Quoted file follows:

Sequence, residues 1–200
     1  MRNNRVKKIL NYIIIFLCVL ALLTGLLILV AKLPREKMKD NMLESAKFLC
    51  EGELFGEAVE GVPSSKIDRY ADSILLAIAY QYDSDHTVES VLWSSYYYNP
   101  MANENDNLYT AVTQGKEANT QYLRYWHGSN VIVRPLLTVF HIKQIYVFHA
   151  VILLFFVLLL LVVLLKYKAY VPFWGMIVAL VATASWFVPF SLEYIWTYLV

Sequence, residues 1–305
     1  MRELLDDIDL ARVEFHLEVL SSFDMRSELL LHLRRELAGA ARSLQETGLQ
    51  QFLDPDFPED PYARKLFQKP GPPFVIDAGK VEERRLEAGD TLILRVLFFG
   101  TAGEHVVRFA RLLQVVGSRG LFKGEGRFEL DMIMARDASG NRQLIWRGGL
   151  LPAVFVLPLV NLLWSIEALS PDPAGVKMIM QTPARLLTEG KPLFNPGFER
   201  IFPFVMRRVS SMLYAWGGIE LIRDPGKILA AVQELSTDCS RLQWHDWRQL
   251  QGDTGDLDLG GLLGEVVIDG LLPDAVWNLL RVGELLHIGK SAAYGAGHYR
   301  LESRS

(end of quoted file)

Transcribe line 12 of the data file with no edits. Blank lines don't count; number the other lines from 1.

   251  QGDTGDLDLG GLLGEVVIDG LLPDAVWNLL RVGELLHIGK SAAYGAGHYR